A Guide to Exploring the Andaman and Nicobar Islands

Shelley Seale travels far off the coast of India in the Andaman Sea to one of the country’s best-kept secrets: The Andaman and Nicobar Islands.


Photo © Shelley Seale

This group of over 500 islands (only 38 permanently inhabited) jut out of the ocean with forested mountains, pristine beaches, coral reefs, and active volcanoes.

The best part? Although it’s far-removed from the rest of India, it still retains the feel and culture of the sub-continent.

Tips for Travel: Ferries and Getting Around

Visitors fly into the capital city of Port Blair, on the main South Andaman island. You can also travel by ship from Chennai, though the voyage takes 50-60 hours.

Port Blair is an interesting town to explore for a few hours, or overnight. Highlights include the Cellular Jail, built by the British to house political prisoners; the Anthropological museum for interesting history of indigenous island tribes; and the Chatam Saw Mill, which is the oldest in Asia.

Or, head to Aberdeen Bazaar, the main city square, to find restaurants and go shopping.

From Port Blair, ferries depart from two jetties for the other islands, which are really the draw for the Andamans.

Ferries from Phoenix Bay Jetty go to Havelock Island (2 hrs), Neil Island (1.5 hrs), Long Island (8 hrs) and other, farther destinations.

Smaller ferries from Rajiv Gandhi Water Sports Complex will take you to the closer islands of Jolly Buoy, Ross Island, North Bay, and Viper Island. 

Roadworks on Havelock Island. Photo credit: iStock

Diving and Snorkeling

Ross and Inglis Islands are big draws for water activities, whether under or above the sea.

The unmapped waters of the Andaman Islands are one of the last frontiers for scuba diving (best from November-May). Corals abound with colorful reef fish, sea turtles, barracuda, tuna, stingrays, and the occasional dugong.

The shores of these areas also offer incredibly scenic kayak trips, paddling through mangrove creeks with a variety of bird species calling from the trees overhead.

The best place to arrange dive or snorkel trips is from laid-back Havelock Island, which is home to the first and only PADI 5-Star Instruction in the Andaman Islands, Barefoot Scuba.

The small islands and reefs that surround Havelock provide some of the best water activities on the island chain.

Barefoot Scuba is also dedicated to the conservation of the beautiful, fragile ecosystem found here; they participate in several conservation projects and donate a minimum of US $10 to Project Aware from each course fee.

In such a vulnerable environment, it’s important for visitors to vet any tour company they book for such stewardship.

Best Beaches

Havelock covers about 55 square miles, and has been inhabited by Bengali settlers since the 1950s.

It’s the most visitor-friendly island; the ferries come into Village Number 1 on the north side of the island (all towns are numbered on Havelock).

Villages 3 and 5 offer a number of restaurants, shopping from vendor stalls to nice boutiques, motorbike rentals, internet cafes and accommodations from budget to mid-range resorts.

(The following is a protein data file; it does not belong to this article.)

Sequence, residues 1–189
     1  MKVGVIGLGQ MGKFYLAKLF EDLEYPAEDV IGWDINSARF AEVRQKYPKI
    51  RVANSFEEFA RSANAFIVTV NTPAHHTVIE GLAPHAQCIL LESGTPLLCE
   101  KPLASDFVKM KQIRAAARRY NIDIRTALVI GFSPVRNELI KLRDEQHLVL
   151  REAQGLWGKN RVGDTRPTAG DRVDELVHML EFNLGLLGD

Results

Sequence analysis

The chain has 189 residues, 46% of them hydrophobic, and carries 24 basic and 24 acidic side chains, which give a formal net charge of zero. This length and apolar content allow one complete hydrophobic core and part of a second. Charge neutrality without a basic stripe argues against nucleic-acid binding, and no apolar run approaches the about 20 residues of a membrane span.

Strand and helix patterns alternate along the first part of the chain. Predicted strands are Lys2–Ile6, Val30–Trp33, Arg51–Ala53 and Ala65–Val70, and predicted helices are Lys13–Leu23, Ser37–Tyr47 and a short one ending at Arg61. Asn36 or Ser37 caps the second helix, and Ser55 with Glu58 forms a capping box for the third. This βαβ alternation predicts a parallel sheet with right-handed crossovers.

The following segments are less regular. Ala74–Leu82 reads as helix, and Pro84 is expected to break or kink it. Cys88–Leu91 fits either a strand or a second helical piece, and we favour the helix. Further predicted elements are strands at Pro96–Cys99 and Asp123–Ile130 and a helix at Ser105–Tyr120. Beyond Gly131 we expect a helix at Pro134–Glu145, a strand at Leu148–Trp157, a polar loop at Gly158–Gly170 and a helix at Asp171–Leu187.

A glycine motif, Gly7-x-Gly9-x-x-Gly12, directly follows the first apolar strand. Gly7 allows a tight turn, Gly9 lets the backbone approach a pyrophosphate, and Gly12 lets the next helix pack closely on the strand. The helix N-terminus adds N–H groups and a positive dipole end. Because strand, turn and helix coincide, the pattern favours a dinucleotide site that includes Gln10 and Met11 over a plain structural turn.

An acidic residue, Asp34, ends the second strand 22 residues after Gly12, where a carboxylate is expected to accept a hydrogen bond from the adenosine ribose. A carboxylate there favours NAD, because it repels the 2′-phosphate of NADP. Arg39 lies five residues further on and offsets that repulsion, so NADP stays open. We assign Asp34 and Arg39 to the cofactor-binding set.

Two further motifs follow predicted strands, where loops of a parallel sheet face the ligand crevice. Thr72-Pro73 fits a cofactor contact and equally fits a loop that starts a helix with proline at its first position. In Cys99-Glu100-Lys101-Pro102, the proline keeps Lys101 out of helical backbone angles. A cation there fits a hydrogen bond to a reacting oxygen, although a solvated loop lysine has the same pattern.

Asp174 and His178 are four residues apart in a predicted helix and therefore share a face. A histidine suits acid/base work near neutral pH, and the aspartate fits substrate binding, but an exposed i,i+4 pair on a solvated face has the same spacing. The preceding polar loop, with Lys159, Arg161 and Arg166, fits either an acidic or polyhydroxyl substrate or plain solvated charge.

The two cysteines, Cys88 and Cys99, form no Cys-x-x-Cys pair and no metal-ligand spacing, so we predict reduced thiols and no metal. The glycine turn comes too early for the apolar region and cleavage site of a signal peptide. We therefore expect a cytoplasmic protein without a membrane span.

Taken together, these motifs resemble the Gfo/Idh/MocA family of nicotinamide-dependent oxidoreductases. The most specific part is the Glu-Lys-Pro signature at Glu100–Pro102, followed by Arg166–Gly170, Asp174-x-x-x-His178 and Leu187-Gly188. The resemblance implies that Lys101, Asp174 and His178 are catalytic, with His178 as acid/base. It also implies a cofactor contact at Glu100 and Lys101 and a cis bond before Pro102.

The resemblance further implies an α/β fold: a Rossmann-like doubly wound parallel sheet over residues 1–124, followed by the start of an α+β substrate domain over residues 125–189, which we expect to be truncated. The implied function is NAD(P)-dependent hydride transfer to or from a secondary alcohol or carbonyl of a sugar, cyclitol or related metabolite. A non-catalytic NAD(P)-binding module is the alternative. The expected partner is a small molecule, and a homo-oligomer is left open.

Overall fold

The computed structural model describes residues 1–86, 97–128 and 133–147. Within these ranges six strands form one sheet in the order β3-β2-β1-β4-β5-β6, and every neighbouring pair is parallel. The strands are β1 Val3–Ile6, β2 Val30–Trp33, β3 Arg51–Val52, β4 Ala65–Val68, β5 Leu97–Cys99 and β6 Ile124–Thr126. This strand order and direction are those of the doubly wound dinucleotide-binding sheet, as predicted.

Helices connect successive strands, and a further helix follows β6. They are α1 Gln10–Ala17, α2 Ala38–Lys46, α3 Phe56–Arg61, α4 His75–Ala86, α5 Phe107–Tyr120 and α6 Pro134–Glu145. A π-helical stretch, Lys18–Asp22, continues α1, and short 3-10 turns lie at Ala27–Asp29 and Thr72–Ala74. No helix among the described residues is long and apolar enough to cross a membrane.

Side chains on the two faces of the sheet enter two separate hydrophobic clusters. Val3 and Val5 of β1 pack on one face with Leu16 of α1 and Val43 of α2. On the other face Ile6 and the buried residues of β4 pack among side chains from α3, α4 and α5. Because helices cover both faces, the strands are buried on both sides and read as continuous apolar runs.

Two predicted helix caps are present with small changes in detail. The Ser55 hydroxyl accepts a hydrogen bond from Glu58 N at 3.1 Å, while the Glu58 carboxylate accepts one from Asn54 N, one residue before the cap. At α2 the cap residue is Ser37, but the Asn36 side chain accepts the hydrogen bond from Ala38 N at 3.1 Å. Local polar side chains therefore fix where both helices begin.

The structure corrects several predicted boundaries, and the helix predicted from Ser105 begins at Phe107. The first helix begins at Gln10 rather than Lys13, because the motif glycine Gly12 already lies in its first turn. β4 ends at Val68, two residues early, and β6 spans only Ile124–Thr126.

But Havelock is also home to amazing stretches of beaches, many of them with few visitors; and some hidden-away eco resorts.

Radhanagar Beach on the western coast, also known as Number 7 Beach, was named "Best Beach in Asia" by Time in 2004, and is one of the most popular.

Elephant Beach on the northwest coast, and Vijay Nagar Beach on the east coast are also worth a visit.

Havelock Island. Photo credit: iStock

Wildlife Watching

Not only will you be spoiled with sea life underwater, but the Andaman Islands are also home to more than 250 species of birds - about two dozen of which are endemic to Andaman and Nicobar.

Some of the largest and most colorful butterflies in the world can be seen among the tropical flora — visit Mount Harriet National Park in Port Blair if you want to see butterfly colonies.

Wild boar is a native mammal, protected by the Wildlife Protection Act. The islands are home to a biosphere reserve and nearly 100 wildlife sanctuaries, one of which provides a habitat for saltwater crocodiles.

Tree shrews, macaques and Leatherback Sea Turtles are also found here. Protecting these species, some of which are endangered, is a top priority.

It’s essential for people to refrain from touching any wildlife including coral, and be careful when shopping to patronize local artisan cooperatives, and look for the “Sustainable” tag on items.


The diversity of terrain here paths the way for some interesting treks.

In places like Mount Harriet, easy walking paths make hiking accessible for just about anyone.

Other spots such as Chidia Tapu on South Andaman Island are more adventurous, with hilly terrain and dense forests that often require bushwhacking (it’s advisable to go with a guide).

On Havelock Island, the treks to the beaches are gorgeous hikes themselves, through mangroves - often with boardwalks available. The walk to Elephant Beach (about 45 minutes) is one of the best.

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1 Comment

  • sahitya said

    That's indeed beautiful post. Very interesting and well written.

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